NOTE: The following is an excerpt from TeleVox’s Healthy World report, “A Fragile Nation in Poor Health”, which reveals the majority of Americans fail to follow their doctors’ advice, and uncovers a significant gap in our nation’s healthcare system – lack of patient care between doctor visits. Download it HERE!
Happy marriages are profoundly connected to good health and well-being. Considering 33% of marriages across America fall into this category of “successful, stable and healthy,” the findings of A Fragile Nation in Poor Health, ring true. The study revealed half (50%) of married people across the nation say they are in overall good health, and only 4% of married people in America report being in poor health.
Various studies show married people tend to live longer, healthier lives. For instance, married people are less likely to get pneumonia, have surgery, develop cancer or have heart attacks.
However, when happily married couples add kids to the mix, the pressure to be model parents with perfect kids adds significant stress to the lives of couples, and has telling impacts on their overall health.
Hustle and Bustle
A Fragile Nation in Poor Health revealed more than two in five (46%) parents across the nation say their overall personal health is not in good shape. The constant bustle of school activities, homework, sports, music lessons, birthday parties and other social events takes its toll.
Two words can describe most parents: stressed and tired. When parents aren’t working, taking care of the house, or taking kids from one activity to another, they don’t have time or energy to care for themselves. That means they have a hard time squeezing in exercise and they tend to eat whatever is easiest and quickest. The bottom line is an over-scheduled life leads to weight gain as well as increased rates of stress, anxiety and physical ailments such as headaches, stomach upsets or backaches, skin rashes, recurring colds or flu, or muscle spasms.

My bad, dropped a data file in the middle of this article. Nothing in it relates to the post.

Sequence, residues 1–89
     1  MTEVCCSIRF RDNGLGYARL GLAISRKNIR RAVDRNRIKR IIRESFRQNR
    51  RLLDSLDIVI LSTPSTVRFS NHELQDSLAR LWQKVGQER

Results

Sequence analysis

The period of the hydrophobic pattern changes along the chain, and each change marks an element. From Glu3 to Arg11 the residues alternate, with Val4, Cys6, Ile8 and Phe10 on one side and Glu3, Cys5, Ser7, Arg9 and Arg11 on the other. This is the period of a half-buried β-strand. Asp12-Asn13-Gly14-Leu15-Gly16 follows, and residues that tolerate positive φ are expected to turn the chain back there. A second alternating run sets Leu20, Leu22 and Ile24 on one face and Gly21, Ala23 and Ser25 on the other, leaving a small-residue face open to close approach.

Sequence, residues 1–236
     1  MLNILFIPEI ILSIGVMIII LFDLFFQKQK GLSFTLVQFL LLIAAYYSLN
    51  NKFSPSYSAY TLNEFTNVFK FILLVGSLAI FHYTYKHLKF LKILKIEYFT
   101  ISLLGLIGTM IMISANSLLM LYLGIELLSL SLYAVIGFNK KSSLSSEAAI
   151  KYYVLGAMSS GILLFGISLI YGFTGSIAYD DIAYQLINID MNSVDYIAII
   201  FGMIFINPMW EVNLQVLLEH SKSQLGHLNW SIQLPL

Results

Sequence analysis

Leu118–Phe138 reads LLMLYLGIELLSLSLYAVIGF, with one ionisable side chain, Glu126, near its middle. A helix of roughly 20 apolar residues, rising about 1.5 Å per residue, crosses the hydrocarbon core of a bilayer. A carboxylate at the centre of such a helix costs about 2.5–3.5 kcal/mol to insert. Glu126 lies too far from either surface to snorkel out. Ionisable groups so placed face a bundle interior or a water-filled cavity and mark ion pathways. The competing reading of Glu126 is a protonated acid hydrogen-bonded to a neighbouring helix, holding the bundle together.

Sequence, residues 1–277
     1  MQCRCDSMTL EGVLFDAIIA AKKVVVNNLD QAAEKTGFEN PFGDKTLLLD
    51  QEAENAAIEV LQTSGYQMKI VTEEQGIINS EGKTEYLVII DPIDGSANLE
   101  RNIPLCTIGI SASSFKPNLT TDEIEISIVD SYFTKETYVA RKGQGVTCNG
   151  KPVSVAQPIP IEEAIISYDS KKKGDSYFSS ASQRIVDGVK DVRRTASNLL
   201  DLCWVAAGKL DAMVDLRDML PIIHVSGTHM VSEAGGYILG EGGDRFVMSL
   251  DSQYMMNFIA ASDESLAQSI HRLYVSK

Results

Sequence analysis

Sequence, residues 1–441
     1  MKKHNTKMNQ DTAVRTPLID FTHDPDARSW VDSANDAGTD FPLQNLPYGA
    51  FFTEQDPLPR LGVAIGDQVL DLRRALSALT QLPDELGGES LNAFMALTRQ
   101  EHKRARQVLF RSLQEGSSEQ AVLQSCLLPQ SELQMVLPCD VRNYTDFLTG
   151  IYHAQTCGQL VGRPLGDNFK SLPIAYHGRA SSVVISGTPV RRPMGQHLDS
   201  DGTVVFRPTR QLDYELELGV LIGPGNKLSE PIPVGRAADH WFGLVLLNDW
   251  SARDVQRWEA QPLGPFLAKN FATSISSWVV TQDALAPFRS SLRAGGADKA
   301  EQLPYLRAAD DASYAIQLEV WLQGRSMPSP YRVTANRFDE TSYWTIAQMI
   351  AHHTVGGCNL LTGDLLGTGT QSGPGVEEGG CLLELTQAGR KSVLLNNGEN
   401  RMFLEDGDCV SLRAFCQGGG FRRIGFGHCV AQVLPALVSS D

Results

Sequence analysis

Unfortunately, due to their demanding schedules, parents often delay going to the doctor until they get sick or reach a breaking point. And, when they do go to the doctor, they are often seeking a quick fix so they can get better and back to their busy lives.
With this in mind, parents are guilty of ignoring doctor’s orders. In fact, A Fragile Nation in Poor Health revealed 8 in 10 parents (78%) admit they don’t follow treatment plans they’ve been given by their doctor exactly as prescribed.
Good Health Leads to Good Parenting
Many parents lose sight of the fact that they are better able to keep up when they are in good health. The good news is, more than one-third (38%) of parents, who feel they could better follow their prescribed plans, would be likely to do so if they received encouragement from their doctors between visits to stay on course. And, more than two in five (42%) parents would follow instructions better if they received reminders from their doctors via email, voicemail or text telling them to do something specific, like take medication, prepare a healthy meal, take a walk, or a simple reminder “to take time for yourself today.”
Parents are used to self-sacrificing, so they need physicians who remind them that devoting time and effort to being healthier will enable them to be better partners, parents and friends. They also want doctors who help them learn to recognize the symptoms of too much stress, along with some new ways to cope with the myriad of problems they are dealing with every day. They would also be grateful for a physician who simply gave them permission to make time for themselves — to reserve time each week for their own activities. Perhaps there should be a doctor’s note for that!